Handbook for Teaching Assistants in Psychology

Table of Contents

  1. Introduction
    1. Purpose of the Teaching Assistant Handbook
    2. The undergraduate program in Psychology (PSYCH)
  2. Administrative details
    1. Description of duties for Teaching Assistants (TAs)
    2. Eligibility for financial support
    3. Restrictions
      1. Major external award holders
      2. Maximum allowable hours
    4. Complications
      1. Foreign students
      2. When the course instructor is also your Advisor
      3. Conflicts surrounding TA duties
    5. TA course preferences
    6. Getting Paid
  3. Types of teaching assistantships in Psychology
    1. Undergraduate courses
      1. Psychology 292 - Basic Data Analysis
      2. Psychology 391 - Advanced Data Analysis
      3. Research courses
      4. Centre for Extended Learning
    2. Graduate courses
      1. Psychology 633 - Observation, Interviewing & Cognitive Assessment
      2. Clinic
      3. Statistics (630, 632, 800, 801)
  4. TA skills
    1. Contact with students
    2. Relating to students
    3. Some teaching tips
    4. Fielding questions
    5. Helping students
      1. Helping with academic problems
      2. Helping with personal problems
    6. Safety training and responsibilities
  5. Office hours
    1. Effective office hours
    2. How to determine the problem
    3. Sharing the load with your TA partner(s)
  6. Tutorials
  7. Marking
    1. Contact with the instructor
    2. Establishing marking guidelines with the instructor
    3. Marking hints/assigning grades
    4. Requests for special consideration
    5. Dealing with complaints about marking
    6. Other complaints
    7. Keeping records
  8. Proctoring examinations
    1. Cheating
  9. Evaluations
    1. Evaluation of your TA performance
    2. Course evaluations
  10. Ethical and professional behaviour
    1. Relevant University of Waterloo policies
    2. Policy #33, Ethical Behaviour
    3. Ethical considerations & procedures for obtaining participants
  11. Resources available to TAs
    1. Centre for Teaching Excellence (CTE)
    2. Graduate Student Association (GSA)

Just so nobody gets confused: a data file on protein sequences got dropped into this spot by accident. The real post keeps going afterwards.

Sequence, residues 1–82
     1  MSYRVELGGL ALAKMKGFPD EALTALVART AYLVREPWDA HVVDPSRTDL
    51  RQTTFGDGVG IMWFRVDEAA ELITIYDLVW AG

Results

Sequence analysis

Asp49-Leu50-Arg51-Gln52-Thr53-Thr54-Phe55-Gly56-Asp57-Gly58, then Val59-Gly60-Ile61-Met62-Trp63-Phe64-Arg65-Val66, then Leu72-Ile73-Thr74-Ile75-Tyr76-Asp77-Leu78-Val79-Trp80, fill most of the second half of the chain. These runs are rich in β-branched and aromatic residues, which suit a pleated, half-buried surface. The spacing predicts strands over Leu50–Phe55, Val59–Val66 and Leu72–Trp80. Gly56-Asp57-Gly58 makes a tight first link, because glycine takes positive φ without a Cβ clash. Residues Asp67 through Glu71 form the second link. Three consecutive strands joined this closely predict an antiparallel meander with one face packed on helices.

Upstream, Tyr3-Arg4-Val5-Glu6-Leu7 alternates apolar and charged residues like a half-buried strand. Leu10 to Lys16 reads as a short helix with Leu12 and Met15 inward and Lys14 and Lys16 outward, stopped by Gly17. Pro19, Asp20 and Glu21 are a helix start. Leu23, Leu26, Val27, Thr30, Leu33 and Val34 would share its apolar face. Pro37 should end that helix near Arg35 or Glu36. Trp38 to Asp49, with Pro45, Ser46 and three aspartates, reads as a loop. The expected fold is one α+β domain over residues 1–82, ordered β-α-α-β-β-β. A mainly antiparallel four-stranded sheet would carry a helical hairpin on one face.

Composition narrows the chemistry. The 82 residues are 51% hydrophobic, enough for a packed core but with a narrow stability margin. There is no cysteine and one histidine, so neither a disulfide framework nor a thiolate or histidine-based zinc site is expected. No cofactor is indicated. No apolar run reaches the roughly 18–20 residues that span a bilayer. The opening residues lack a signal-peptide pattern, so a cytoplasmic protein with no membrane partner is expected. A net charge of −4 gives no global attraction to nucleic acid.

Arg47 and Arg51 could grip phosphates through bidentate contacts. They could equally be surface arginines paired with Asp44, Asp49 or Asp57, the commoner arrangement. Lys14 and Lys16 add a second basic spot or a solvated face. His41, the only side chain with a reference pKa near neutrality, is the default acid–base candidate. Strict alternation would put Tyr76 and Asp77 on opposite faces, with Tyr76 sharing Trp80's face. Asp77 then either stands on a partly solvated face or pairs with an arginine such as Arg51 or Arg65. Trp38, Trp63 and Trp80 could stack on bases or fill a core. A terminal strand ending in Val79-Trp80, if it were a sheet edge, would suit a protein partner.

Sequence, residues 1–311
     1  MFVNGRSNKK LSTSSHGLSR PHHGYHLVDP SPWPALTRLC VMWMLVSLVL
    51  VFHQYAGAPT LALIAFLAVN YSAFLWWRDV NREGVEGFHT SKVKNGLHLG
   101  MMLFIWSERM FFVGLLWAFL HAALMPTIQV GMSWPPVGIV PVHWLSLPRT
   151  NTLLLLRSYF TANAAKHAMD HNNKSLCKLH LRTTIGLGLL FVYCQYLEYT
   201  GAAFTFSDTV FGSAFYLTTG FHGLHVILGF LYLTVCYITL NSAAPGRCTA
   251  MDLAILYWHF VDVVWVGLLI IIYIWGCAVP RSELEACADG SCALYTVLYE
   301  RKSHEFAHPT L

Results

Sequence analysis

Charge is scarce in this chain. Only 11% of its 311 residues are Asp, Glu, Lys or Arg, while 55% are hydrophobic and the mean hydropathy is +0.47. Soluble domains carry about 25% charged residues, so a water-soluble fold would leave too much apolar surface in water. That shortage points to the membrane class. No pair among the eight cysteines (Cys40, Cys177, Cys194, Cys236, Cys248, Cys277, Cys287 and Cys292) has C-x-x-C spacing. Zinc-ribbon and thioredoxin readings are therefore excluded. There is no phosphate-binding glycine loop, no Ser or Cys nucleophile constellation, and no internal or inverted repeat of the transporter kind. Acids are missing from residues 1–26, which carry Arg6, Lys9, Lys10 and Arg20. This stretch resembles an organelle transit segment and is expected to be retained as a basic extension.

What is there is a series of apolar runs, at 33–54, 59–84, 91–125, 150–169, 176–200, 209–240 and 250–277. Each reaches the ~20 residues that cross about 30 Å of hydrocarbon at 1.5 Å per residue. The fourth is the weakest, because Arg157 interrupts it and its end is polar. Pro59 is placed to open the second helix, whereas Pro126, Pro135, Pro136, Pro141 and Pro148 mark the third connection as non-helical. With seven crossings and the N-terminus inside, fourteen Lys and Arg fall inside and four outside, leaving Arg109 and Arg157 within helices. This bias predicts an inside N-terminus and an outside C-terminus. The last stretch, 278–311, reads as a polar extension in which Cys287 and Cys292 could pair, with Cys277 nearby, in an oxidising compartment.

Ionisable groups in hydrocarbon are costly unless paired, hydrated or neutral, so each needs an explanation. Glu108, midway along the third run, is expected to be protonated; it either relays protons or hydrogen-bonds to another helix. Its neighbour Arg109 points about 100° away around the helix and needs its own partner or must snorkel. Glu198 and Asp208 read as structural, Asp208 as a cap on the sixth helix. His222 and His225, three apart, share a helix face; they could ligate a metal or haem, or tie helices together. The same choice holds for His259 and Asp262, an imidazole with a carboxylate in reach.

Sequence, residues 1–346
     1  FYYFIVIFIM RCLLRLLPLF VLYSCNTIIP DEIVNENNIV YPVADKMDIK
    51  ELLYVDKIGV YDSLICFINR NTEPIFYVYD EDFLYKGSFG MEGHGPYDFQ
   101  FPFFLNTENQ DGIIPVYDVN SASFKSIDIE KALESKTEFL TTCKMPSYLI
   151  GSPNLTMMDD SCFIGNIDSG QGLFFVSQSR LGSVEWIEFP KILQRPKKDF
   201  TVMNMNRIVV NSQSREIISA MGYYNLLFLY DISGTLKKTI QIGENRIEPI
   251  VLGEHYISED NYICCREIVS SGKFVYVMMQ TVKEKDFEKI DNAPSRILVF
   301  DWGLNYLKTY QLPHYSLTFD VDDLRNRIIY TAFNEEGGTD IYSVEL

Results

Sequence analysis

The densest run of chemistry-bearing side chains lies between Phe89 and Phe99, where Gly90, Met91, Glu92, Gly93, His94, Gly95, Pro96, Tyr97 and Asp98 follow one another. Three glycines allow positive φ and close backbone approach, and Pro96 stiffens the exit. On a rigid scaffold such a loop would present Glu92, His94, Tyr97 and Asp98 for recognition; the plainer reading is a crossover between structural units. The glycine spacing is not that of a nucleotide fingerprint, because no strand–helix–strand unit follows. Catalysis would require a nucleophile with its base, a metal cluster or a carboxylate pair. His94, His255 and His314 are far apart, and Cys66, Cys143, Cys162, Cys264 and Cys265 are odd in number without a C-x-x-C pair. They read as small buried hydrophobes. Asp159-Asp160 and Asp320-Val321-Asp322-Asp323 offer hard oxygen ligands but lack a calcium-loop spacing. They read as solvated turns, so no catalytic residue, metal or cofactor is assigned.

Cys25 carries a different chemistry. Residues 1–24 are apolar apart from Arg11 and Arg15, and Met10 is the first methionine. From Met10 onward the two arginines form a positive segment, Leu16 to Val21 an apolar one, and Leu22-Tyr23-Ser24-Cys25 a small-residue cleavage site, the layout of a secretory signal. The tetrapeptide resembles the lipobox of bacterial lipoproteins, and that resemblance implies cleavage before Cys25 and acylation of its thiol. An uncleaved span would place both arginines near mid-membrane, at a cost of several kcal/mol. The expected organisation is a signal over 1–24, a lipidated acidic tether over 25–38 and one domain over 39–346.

3. Libraries
    4. Photocopying and supplies
    5. Audio visual aids (Instructional Technologies and Multimedia Services (ITMS))
    6. Text books/Desk copies
    7. Departmental meeting rooms
    8. Staff support for TAs
    9. In-house computing support
    10. The Graduate Association of Students in Psychology (GASP)
    11. Emergency telephone numbers
    12. Other help resources available to students

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1  Introduction

a. Purpose of the Teaching Assistant (TA) Handbook

This handbook provides basic information and advice, and for experienced TAs it serves as a reference manual to develop advising, teaching, and evaluation skills.

This handbook attempts to answer some common concerns about the mechanics, duties, and expectations of TAs. Although we cannot expect to anticipate every situation a TA might encounter, we hope that the guidelines will prove useful.

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b. The undergraduate program in Psychology

TAs are assigned to both on-campus (undergraduate and graduate) and online  (CEL) courses.

To understand the background preparation that undergraduate students require for the course that you are TAing, you may review the requirements for enrolment which will include any of the following: prerequisite, antirequisite, corequisite, or target audience (e.g., Honours Psychology only). See the course description section of the Undergraduate Studies Academic Calendar for details.

Your role is not that of an academic advisor. Please refer questions regarding the Psychology program and degree requirements to the appropriate academic advisors.

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2. Administrative details

a. Description of Duties of Teaching Assistants (TAs)

TAs in the Department of Psychology are required to carry out duties specified by the instructor(s) in a particular course. For example:

  • proctoring,
  • marking,
  • tutoring,
  • laboratory supervision,
  • attend TA meetings,
  • occasional lecturing,
  • etc.

Graduate students will receive an official offer of a TA in writing, on a term-by-term basis, usually 2 to 3 weeks prior to the start of term. The offer indicates the course number, the instructor, and the TA level (i.e. a Full TA or Half TA).

Hours per week for a TA:

  • A full TA position requires an average of 10 hours per week over the term.
  • A half TA position requires an average of 5 hours per week over the term.
  • The estimated number of hours per week includes preparation time that would normally be required to carry out the assigned TA duties.

TAs are responsible for contacting instructors immediately following receipt of TA notification.

Length of time commitment for the TA position:

  • TA duties officially begin the first day of lectures, but occasionally will begin earlier depending on the structure of the course.
  • The TA contract provides salary until the end of the full 4-month term.
  • TA duties continue until the final marks for the course are submitted. Note that due dates for submitting grades vary by course (consult with the instructor).
  • TAs are expected to remain in the department throughout the final examination period to assist as proctors for final exams (own course if applicable and at least one other). See Important Dates  for the start and end dates for final exams.  
Extra Duties Required of TAs:

You will be required to provide support for 3 hours per term [e.g., one 3-hour (or one 2.5-hour) assignment or two 1.5-hour assignments] for an event/activity unrelated to your specific TA e.g.,